FORT SMITH, Ark. – Amber Bellcock knows that when she betters herself, her patients benefit.
That is a big reason why the registered nurse in the Mercy Hospital Fort Smith Intensive Care Unit (ICU) has been named one of the Great 100 Nurses of Arkansas for 2018.
“Nursing is such a service-oriented profession,” she said. “Caring and concern for people is something my parents helped instill in me at an early age and why I wanted to be a nurse.”
The Great 100 Nurses Foundation was founded more than 30 years ago by registered nurse PK Scheerle in New Orleans. Great 100 Celebrations have honored thousands of nurses across Arkansas, Oklahoma, Louisiana, North Carolina and Texas. These exemplary nurses are selected based on their concern for humanity, contributions to the nursing profession and mentoring.
“There are a lot of nurses in Arkansas, so I never thought I’d be among 100 named this year,” Bellcock said. “I was surprised to find out, even though I knew I had been nominated.”
A charge nurse who helps manage the ICU, Bellcock attributes the award to a combination of mentoring and bettering herself by pursuing certifications and additional education. She has several certifications, including critical care registered nurse, and is finishing a master’s degree in nursing from the University of Texas at Arlington.
If Bellcock sees an opportunity to improve patient care, she’s often the one who takes action.
“People have told me I’m very gung-ho for evidence-based practice,” she said of the conscientious use of current best evidence in making decisions about patient care. “If someone comes to me with an idea, as long as there’s evidence that it works, I’ll help push for it.”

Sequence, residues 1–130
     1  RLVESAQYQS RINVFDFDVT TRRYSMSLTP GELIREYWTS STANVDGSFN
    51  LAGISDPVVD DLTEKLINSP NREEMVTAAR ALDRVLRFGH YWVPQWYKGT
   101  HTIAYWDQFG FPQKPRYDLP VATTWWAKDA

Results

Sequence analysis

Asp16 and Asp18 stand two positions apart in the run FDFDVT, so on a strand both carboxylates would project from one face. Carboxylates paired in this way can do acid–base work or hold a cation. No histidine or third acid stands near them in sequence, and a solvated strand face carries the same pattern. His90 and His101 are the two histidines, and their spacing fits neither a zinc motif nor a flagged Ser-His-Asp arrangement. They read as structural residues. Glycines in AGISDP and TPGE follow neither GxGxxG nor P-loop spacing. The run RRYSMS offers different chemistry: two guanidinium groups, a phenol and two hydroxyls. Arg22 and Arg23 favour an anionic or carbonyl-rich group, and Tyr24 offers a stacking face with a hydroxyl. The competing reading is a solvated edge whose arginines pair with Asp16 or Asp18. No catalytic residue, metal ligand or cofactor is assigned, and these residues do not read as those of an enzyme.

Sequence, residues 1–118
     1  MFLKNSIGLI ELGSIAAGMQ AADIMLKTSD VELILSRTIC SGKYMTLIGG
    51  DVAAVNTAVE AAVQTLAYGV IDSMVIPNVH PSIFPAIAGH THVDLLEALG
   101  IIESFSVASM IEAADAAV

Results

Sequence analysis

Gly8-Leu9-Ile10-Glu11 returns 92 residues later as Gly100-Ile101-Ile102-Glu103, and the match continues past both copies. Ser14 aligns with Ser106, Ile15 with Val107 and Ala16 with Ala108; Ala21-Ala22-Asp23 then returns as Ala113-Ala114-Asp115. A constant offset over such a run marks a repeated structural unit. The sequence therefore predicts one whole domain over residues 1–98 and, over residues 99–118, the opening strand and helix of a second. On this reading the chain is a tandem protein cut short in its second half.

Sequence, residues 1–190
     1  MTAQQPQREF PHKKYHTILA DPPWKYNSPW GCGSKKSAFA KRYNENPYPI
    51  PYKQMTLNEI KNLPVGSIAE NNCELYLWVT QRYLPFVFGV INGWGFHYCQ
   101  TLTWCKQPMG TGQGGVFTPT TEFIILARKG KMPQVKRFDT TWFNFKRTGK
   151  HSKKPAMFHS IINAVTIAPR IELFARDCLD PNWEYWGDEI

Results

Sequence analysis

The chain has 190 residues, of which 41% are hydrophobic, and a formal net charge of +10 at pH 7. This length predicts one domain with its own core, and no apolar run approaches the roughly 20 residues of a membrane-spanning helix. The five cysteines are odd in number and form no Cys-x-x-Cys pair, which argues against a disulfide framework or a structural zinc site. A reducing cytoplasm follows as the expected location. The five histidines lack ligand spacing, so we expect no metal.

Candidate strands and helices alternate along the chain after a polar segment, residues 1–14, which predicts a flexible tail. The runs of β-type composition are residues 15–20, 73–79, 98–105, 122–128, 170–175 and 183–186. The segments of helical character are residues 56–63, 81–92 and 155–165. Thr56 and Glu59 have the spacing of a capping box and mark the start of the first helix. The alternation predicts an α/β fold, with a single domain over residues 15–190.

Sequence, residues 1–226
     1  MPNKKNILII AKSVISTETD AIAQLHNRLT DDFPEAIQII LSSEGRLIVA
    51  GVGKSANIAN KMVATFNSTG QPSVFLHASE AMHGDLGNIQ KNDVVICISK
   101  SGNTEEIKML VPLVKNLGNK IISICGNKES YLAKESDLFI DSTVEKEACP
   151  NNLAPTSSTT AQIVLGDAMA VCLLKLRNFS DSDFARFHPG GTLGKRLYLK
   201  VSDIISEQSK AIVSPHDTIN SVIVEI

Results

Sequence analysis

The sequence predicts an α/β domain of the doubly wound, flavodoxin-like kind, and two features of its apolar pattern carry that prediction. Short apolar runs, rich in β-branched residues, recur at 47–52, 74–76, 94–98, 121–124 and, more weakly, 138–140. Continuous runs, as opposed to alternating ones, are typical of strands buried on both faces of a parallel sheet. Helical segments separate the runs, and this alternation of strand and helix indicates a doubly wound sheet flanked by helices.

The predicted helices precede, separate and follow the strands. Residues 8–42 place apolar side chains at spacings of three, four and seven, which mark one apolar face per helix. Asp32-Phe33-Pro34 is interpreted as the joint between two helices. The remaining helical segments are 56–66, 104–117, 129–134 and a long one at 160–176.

To help better herself, co-workers and patients, Bellcock looks for opportunities to introduce or improve policies that improve care, such as a program called ICU early mobilization that helps patients with mobility. Most patients don’t recover as quickly if they stay in bed, particularly ICU patients.
“It was something put on my heart that I’m very passionate about,” she said.
One negative effect of immobility is delirium, an acute and fluctuating disturbance of consciousness and cognition. It’s common in critically ill patients, occurring in up to 80 percent of the sickest ICU populations. The risk can be reduced greatly by getting patients up and moving, according to Bellcock.
“Amber is phenomenal and always asks what she can do better,” said Debbie Hewett, a clinical nurse manager. “She’s a great resource for new staff.”
Bellcock’s mentoring of ICU and emergency nurses has included everything from setting an example to formal teaching of coronary artery bypass classes for nurses before they take care of heart patients.
Mentoring is important for ICU nurses, Bellcock said, because the skillset is quite different than taking care of less-critical patients. Examples include caring for patients on ventilators, patients on specialized medicine to keep blood pressure from dropping and cardiac support devices like balloon pumps that help the heart pump blood.
Bellcock was honored at the Great 100 Nurses Celebration of Arkansas on April 10 in Little Rock, where she grew up before getting a bachelor’s in nursing from Harding University in Searcy. She’s been at Mercy for almost seven years, the last six in the ICU.
“I took a leap of faith to move to Fort Smith,” she said. “I love Mercy. It’s why I’ve stayed here.”